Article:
Monday, 24 May 2010

Notes on the road from Arusha

Below, some random observations from the trip last week to Tanzania. You can link to the article in the Times, by scrolling down to the following post, entitled At last, intelligent aid for Africa's poor.

Wherever we went, town or country, there were hundreds, thousands of people walking. Walking along the roads, across the countryside, children in smart school uniforms disappearing across the vibrantly green fields, towards unseen schools or homes, women with bales on their heads, Maasai men with their red and black cloaks and sticks, all just ambling along. There's a beautiful rhythm to this movement, almost hypnotic, and it's something which goes on and on, from dawn to dusk.

The Indian community in Tanzania is much older than the Indian community in Britain, though presumably it owes its origins to the same thing - the British Empire. We saw the remnants of the old colonial culture languorously displayed on Sunday at the TGT Club on the edge of Arusha city. It's an old sports club, built alongside a coffee plantation, now in the hands of American owners. On the field opposite the pavilion, a group of Indian men were playing cricket, while the predominantly white diners in the restaurant and bar looked on. The different cultures and origins of the residents have some curious results: Paolo, 13, born in Arusha to a Belgian mother and an Italian father, was a huge cricket fan, and (by all accounts) a very good player. Doubtless, he'll qualify to play for England soon enough.

There are unintended consequences to the Galvmed story. The charity's ambition is to wipe out 13 livestock diseases and this objective will almost certainly be realised, perhaps even within a decade. The benefits for remote, poor farming communities across Africa are incalculable, increasing wealth and food security exponentially. The same process will change communities forever, a trend already under way in the Maasai communities we visited. These are farmers who, for generations, have been used to losing most of their calves to disease - but now almost all are surviving. Calves vaccinated at a cost of £5 sell for £350 at market. 
In other words, a herd of 300 is worth a huge amount, in anyone's money and some of these pastoralists are rapidly becoming rich. As these individuals gain wealth, the communities around them are changing: there are plenty of traditional huts and bomas (farmsteads), and most of the people we met dressed in Maasai shawls - but other dwellings have replaced their straw roofs with corrugated iron, some houses in remote communities are built of concrete, and a few people own cars and lorries. When we were out in the countryside, in the early morning, Noah Lemorongo, the 40-year-old chairman of the Engarenaibor community asked me in English whether I owned a motorbike. I couldn't understand why. At lunchtime, as we walked away from a bustling village market, he drove up to show off the shining bike he'd bought himself, as if to show off his wealth. Still, as these communities change, it is very striking how many of the younger Maasai choose to remain in the countryside, close to the heart of their traditional way of life. (Note: The photo shows the chairman and half of my fat head, an image that proves the equation: "Wade + baseball cap = Michael Moore.")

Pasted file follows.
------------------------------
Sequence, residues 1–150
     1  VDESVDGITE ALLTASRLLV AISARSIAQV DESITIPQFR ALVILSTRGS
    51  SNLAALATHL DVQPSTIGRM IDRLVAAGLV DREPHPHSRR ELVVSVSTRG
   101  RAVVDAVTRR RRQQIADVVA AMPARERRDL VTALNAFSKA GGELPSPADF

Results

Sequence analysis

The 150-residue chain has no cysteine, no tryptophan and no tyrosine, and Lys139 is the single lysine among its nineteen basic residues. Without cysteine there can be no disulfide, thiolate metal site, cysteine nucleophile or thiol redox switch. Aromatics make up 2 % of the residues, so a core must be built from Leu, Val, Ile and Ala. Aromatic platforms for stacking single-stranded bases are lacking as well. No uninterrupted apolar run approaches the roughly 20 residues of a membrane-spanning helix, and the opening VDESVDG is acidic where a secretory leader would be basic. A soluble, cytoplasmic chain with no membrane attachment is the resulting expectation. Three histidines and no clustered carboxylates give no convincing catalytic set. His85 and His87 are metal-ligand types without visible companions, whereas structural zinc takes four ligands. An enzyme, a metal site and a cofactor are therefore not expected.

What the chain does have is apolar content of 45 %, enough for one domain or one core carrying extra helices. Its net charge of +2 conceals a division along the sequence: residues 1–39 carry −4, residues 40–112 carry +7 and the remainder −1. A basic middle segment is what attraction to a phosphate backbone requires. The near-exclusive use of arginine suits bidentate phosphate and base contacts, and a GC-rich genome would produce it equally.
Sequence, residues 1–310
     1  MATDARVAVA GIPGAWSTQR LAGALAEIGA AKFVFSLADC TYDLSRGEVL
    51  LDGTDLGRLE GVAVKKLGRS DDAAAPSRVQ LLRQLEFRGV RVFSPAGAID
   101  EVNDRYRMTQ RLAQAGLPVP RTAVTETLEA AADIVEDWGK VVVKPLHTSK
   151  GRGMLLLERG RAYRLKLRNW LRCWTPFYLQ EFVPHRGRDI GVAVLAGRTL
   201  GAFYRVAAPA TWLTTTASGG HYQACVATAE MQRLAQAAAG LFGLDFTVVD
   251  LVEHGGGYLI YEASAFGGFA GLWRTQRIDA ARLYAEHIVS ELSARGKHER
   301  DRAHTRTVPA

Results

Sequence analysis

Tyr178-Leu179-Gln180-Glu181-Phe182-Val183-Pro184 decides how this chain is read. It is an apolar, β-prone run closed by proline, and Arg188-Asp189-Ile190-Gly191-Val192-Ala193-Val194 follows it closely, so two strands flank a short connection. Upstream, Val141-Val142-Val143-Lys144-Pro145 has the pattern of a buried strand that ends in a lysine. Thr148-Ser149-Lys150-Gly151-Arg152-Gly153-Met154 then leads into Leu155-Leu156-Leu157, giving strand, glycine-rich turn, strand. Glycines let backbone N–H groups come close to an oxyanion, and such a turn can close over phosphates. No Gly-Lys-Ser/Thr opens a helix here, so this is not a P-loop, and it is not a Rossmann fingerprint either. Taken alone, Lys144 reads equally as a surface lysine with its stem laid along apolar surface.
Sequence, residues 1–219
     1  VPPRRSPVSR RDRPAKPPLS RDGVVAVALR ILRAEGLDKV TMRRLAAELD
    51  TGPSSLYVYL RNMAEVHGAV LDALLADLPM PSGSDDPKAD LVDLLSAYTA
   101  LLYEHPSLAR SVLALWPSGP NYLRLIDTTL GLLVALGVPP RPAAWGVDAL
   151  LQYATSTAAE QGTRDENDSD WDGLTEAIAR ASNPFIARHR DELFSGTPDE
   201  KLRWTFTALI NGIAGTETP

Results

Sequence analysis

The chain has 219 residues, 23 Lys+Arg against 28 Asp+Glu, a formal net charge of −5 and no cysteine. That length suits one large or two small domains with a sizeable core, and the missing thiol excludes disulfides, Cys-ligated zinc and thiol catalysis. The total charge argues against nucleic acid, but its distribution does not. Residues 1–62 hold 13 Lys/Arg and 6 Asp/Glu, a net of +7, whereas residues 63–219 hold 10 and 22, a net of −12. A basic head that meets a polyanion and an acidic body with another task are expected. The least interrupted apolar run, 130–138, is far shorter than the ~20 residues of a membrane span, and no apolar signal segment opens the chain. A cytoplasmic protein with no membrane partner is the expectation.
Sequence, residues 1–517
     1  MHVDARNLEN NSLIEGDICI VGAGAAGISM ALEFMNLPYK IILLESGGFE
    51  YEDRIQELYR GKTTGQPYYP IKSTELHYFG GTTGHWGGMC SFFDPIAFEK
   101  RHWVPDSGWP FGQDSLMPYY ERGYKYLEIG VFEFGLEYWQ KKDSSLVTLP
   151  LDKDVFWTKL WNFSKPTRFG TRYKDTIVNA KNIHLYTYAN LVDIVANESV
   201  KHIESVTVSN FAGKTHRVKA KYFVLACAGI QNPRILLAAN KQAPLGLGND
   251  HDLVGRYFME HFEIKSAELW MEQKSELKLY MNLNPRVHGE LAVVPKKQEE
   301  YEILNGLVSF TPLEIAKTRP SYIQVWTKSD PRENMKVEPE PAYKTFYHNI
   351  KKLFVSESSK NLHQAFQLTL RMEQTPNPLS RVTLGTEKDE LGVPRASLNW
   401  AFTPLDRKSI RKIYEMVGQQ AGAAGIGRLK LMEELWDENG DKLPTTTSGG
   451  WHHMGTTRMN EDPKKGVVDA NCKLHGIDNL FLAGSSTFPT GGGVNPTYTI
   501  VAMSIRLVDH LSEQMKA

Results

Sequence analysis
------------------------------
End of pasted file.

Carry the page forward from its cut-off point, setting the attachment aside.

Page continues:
The school we visited was blessed with Anna Remi Nchira, a headmistress of outstanding quality. She reminded me very much of the headmistress at my daughters' school in Edinburgh, as if there is some essence of headmistress that is shared across the world. A group of guys from a Western charity and a British newspaper represented important guests - she wasted no time in very formally welcoming us, and, then, just as she should have done, making demands of us, asking us to help her pupils and teachers.

Just as the walkers in the countryside give a glimpse of what like must have been like in pre-industrial Britain, Arusha City (population: 1 million) has the whiff of 18th and 19th century London. It's the whiff of cattle, hundreds, probably thousands of cattle, which are kept in small holdings, right at the heart of the the city, enabling the locals to have access to a constant supply of rich, untreated milk.

Local buses are illuustrated with pictures of great Tanzanian heroes. Here's one we spotted near Arusha coach station. Reading right to left: Barack Obama, Martin Luther King, Michelle Obama, Benjamin Mkapa and Julius Nyrere (both obscured) Nelson Mandela, Mother Theresa, and ... that's right, pop pickers, Lionel Richie.

No comments: